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Forecaster Views on the Overheating Hypothesis

Summary:
Earlier in the year, one fear was that excessive fiscal stimulus would push up inflation, push up long term yields. Professional forecasters don’t seem to view that outcome as imminent. Figure 1: Ten year constant maturity Treasury yields (black), CBO (red), Administration (blue), Survey of Professional Forecasters August (teal), and WSJ July (gray x). WSJ rates pertain to end-of-quarter. Dates in graph pertain to forecast finalization of forecasts. Source: CBO An Update to the Budget and Economic Outlook (July), FY2022 Budget (June), Philadelphia Fed SPF (August), WSJ survey (July).  Since these are different forecasts, it’s difficult to see how expectations have changed. I show the last two SPF and WSJ forecasts in Figure 2. Figure 1: Ten year constant maturity Treasury yields

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Earlier in the year, one fear was that excessive fiscal stimulus would push up inflation, push up long term yields. Professional forecasters don’t seem to view that outcome as imminent.

Forecaster Views on the Overheating Hypothesis

Figure 1: Ten year constant maturity Treasury yields (black), CBO (red), Administration (blue), Survey of Professional Forecasters August (teal), and WSJ July (gray x). WSJ rates pertain to end-of-quarter. Dates in graph pertain to forecast finalization of forecasts. Source: CBO An Update to the Budget and Economic Outlook (July), FY2022 Budget (June), Philadelphia Fed SPF (August), WSJ survey (July).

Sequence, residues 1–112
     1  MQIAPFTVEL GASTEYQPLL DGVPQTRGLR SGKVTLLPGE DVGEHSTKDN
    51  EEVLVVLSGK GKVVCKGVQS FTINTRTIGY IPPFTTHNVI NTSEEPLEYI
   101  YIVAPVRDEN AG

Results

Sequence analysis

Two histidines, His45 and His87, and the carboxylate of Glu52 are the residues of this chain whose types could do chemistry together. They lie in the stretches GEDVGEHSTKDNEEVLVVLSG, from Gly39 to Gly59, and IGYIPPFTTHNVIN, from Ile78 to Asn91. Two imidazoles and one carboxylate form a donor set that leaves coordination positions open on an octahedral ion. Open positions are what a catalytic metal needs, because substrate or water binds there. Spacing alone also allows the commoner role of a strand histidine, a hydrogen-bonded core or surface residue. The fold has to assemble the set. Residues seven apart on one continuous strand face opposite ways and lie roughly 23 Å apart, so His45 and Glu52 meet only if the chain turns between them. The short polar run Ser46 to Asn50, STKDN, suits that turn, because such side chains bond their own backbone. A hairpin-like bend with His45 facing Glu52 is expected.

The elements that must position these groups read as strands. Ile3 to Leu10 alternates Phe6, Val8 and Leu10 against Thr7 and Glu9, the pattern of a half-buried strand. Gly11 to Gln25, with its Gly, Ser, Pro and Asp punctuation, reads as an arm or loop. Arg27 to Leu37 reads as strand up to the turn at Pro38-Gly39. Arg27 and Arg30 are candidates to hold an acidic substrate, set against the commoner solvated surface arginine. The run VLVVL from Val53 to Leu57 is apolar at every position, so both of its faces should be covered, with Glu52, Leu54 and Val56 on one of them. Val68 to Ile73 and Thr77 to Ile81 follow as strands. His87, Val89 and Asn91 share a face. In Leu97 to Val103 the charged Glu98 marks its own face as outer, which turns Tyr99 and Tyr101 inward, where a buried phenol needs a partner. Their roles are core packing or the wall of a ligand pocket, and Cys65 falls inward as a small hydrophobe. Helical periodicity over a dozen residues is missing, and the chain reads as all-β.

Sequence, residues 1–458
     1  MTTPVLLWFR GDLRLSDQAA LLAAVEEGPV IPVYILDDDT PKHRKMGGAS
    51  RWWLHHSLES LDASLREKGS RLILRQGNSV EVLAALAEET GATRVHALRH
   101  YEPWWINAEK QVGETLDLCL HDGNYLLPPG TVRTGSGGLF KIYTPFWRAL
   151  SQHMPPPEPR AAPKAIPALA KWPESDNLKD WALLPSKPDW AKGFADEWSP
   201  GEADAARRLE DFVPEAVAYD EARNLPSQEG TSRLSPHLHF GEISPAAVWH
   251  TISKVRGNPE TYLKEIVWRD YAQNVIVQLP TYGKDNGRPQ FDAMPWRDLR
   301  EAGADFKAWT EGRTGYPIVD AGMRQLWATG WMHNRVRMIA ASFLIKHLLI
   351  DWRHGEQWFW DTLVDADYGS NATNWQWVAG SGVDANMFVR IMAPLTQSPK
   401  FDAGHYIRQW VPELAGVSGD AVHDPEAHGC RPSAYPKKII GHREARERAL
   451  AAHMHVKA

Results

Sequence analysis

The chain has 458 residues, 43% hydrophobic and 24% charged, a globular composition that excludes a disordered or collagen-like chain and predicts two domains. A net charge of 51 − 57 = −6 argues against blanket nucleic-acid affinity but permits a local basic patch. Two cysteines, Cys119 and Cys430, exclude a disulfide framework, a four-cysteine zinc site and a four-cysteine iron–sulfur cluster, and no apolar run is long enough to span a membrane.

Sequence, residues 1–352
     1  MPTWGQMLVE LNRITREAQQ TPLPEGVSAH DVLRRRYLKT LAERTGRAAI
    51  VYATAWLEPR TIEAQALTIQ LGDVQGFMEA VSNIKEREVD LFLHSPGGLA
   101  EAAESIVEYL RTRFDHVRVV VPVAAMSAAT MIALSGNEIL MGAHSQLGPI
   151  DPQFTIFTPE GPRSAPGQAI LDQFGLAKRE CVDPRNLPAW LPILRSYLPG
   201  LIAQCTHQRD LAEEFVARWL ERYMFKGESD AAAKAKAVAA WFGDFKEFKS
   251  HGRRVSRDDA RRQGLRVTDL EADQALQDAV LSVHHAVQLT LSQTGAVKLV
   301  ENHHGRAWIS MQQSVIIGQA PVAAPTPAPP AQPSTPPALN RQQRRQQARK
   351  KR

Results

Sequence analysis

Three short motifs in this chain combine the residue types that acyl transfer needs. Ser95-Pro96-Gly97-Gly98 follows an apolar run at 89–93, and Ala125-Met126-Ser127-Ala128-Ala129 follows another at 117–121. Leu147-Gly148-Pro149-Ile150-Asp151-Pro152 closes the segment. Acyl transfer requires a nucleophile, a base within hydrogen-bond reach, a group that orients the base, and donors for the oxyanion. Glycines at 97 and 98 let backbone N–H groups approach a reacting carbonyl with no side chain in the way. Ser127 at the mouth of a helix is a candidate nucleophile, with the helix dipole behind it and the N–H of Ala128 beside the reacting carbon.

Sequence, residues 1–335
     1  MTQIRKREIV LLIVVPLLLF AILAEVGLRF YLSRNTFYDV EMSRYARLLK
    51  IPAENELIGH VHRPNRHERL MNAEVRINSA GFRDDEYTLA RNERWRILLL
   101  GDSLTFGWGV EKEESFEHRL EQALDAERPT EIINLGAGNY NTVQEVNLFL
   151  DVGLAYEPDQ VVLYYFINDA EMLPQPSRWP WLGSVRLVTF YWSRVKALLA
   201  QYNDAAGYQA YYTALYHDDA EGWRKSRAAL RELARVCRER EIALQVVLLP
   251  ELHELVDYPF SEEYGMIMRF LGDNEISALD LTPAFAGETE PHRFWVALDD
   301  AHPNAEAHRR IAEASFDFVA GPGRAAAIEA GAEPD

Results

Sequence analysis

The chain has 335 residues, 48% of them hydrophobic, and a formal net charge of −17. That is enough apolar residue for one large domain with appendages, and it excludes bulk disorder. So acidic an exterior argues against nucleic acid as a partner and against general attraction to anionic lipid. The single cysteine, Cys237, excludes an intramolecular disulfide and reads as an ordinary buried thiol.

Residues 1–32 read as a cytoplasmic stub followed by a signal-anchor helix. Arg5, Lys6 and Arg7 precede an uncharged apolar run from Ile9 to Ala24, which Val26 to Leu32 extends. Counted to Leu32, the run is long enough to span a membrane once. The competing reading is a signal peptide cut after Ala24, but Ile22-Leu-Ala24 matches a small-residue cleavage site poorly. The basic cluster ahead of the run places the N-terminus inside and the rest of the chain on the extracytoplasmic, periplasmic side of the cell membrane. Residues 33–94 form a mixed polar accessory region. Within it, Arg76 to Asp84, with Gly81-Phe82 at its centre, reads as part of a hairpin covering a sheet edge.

Since these are different forecasts, it’s difficult to see how expectations have changed. I show the last two SPF and WSJ forecasts in Figure 2.

Forecaster Views on the Overheating Hypothesis

Figure 1: Ten year constant maturity Treasury yields (black), Survey of Professional Forecasters August (bold teal), May (light teal), and WSJ July (large gray x), and WSJ April (small gray x).  WSJ rates pertain to end-of-quarter. Source:  Philadelphia Fed SPF (August, May), WSJ survey (July, April). 

Long term yield projections have shifted down as prospects for economic activity have dimmed  (so that real rates have declined), and market-based inflation fears have abated.

The inflation surge is still forecasted to be transitory, as discussed in this post.

Today, Goldman Sachs marked down its Q3 forecast, from a previous 9% (SAAR) to 5.5% (while upping Q4 by a ppt), based mostly on the impact of the delta variant, and partly to supply chain (East Asia, Chinese port, semiconductors) impacts.

Menzie Chinn
He is Professor of Public Affairs and Economics at the University of Wisconsin, Madison

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